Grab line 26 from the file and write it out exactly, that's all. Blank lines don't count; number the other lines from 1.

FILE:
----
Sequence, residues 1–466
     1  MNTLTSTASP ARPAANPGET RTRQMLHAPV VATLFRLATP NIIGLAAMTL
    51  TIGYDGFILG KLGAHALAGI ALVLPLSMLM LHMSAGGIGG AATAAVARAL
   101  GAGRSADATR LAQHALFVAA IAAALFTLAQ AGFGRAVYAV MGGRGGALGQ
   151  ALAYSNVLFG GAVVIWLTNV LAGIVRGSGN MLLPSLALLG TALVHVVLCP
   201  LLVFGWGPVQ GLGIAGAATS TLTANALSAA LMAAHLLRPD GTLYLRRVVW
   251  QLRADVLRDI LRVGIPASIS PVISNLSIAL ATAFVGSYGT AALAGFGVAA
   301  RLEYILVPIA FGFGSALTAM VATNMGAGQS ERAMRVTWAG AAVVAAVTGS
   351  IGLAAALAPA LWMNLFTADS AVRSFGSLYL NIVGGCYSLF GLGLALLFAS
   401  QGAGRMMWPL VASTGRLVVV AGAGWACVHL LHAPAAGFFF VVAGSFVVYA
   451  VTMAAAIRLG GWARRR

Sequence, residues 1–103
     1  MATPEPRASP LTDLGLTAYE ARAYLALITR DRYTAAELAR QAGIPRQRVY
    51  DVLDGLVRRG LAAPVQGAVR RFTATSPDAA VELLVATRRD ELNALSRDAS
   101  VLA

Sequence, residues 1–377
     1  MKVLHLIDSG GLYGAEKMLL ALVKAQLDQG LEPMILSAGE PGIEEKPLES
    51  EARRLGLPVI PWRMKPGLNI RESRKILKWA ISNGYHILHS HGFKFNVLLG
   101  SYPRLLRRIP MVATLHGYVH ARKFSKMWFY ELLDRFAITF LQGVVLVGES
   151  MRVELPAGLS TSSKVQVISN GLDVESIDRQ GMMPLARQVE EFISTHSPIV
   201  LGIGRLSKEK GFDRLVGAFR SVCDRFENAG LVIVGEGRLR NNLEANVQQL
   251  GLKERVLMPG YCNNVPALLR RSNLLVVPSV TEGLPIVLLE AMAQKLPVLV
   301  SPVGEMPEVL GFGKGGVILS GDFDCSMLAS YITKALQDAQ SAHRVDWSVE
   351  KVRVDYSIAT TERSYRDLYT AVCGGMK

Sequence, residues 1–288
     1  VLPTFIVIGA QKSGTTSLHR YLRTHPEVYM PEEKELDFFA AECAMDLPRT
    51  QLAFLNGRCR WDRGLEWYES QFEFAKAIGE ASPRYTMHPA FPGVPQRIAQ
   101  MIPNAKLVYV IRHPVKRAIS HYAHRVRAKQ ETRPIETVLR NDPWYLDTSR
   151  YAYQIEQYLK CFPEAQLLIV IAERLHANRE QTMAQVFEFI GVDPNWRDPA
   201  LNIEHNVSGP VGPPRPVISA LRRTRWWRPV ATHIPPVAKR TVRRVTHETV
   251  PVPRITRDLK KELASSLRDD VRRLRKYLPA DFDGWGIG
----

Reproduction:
     1  VLPTFIVIGA QKSGTTSLHR YLRTHPEVYM PEEKELDFFA AECAMDLPRT